15Oct/11Off

Selecting a Sparse Solver and Preconditioner

by Kyle

Selecting the "best" sparse iterative solver and preconditioner is often a difficult decision. Very rarely can one simply know which combination will converge quickest to find a solution within the given constraints. Often the best answer requires knowledge pertaining to the structure of the matrix and the properties it exhibits. To help aid in the selection of a solver and preconditioner, we have constructed some flow charts to help gauge which solver and preconditioner might work best. Again, since there is no correct answer for a given system, we encourage users to experiment with different solvers, preconditioners, and options. These charts are only designed to give suggestions, and not absolute answers.

Selecting an appropriate solver in CULA Sparse.

Selecting a high performance preconditioner in CULA Sparse.

7Oct/11Off

Sparse 101: Calling a Sparse System Solve

by Dan

In this post, I’ll show you how to call a matrix solve using our soon to be released CULA Sparse package. For this example, I will show the main tasks to calling our Cg solver with a Block Jacobi preconditioner for a CSR matrix with double-precision data.

The first set of parameters to consider is the matrix system to be solved, Ax=b. For these inputs, you need to consider which matrix formats and which precision you are using; see this blog post for a discussion of matrix formats. The relevant parameters for this system are:

  • n - size of the matrix system
  • nnz - number of non-zero elements
  • A, colInd, rowPtr - a CSR representation of the matrix to be solved
  • x - the solution vector
  • b - the right-hand-side to solve against

These parameters will be passed directly to a function with “Dcsr” in its name to denote the double-precision data (D) and CSR representation (csr), such as in the line below:

culaDcsr{Function}(..., N, nnz, A, colInd, rowPtr, x, b, ...);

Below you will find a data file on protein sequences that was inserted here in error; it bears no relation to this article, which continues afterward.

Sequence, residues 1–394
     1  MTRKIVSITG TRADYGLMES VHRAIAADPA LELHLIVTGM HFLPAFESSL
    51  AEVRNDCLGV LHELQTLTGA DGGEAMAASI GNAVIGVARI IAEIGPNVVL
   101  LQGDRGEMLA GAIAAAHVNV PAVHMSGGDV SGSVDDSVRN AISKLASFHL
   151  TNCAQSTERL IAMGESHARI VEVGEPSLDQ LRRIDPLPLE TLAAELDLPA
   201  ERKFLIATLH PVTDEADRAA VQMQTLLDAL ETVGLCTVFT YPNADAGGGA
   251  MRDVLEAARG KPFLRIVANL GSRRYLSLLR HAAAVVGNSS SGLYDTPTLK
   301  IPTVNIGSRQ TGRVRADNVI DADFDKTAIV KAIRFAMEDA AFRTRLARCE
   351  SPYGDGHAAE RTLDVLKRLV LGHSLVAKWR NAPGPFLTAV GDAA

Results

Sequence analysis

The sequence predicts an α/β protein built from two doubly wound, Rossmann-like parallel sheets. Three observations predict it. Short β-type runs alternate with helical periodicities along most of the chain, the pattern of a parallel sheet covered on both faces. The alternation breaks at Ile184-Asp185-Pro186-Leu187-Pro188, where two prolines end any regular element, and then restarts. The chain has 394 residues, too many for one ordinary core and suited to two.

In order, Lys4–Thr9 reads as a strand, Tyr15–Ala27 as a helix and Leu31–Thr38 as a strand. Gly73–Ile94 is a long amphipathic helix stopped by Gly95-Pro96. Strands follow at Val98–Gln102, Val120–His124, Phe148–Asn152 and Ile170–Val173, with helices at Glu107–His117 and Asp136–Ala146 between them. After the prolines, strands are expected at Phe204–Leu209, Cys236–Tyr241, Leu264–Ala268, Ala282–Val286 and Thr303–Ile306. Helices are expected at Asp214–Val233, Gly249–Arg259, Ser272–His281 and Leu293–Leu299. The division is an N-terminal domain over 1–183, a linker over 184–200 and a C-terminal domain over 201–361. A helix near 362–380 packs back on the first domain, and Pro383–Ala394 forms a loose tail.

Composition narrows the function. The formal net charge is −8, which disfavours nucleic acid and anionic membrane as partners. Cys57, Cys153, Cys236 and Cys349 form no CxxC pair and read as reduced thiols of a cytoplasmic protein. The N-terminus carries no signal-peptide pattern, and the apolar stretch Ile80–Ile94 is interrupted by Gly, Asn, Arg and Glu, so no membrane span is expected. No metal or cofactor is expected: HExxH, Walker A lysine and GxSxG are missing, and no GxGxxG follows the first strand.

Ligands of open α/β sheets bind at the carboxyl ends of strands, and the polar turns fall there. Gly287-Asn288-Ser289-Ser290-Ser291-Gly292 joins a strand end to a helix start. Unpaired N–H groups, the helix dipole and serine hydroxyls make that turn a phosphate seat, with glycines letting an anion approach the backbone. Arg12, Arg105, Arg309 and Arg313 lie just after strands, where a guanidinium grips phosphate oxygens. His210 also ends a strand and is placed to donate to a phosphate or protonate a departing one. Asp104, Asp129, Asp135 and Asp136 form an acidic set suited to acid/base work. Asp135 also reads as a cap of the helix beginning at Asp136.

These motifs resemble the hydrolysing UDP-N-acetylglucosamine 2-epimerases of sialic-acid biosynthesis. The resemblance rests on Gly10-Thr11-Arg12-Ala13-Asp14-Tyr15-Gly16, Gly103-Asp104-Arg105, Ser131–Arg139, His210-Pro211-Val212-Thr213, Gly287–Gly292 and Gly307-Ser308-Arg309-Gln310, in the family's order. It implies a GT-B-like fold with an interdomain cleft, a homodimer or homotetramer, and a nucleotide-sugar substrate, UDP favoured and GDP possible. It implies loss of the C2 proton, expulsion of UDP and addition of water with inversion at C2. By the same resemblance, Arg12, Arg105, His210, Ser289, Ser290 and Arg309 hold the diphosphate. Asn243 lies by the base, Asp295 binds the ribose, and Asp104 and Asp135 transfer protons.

Now that I’ve discussed the matrix system, the next parameter to consider is the configuration structure for setting options that are common to all the solvers. Among these options are the solution relative tolerance, maximum number of iterations, maximum runtime, indexing-format, and whether debugging mode has been enabled. An example configuration may look like:

culaIterativeConfig config;
culaIterativeConfigInit(&config);
config.maxIterations = 1000;
config.tolerance = 1e-6;
config.indexing = 1;

As you can see, setting up problem options is an easy task. Each option is clear and self-documenting. The config initialization routine will set sensible defaults for most problems, but it’s worth double checking to see if they meet up with your own needs and perhaps overriding them as we have done above.

The last set of options to consider are the solver- and preconditioner-specific options. These options are done with a set of structures that are initialized similarly to the general configuration structure. To use the Cg solver with a Blockjacobi preconditioner, you would write:

culaCgOptions solverOptions;
culaCgOptionsInit(&solverOptions);

culaBlockjacobiOptions preOptions;
culaBlockjacobiOptionsInit(&preOptions);
preOptions.blockSize = 4;

Above, we have default initialized both structures but then overrided the Block Jacobi preconditioner block size. Because each solver and preconditioner is initialized very similarly, this makes trying out different solvers and preconditioners an easy task.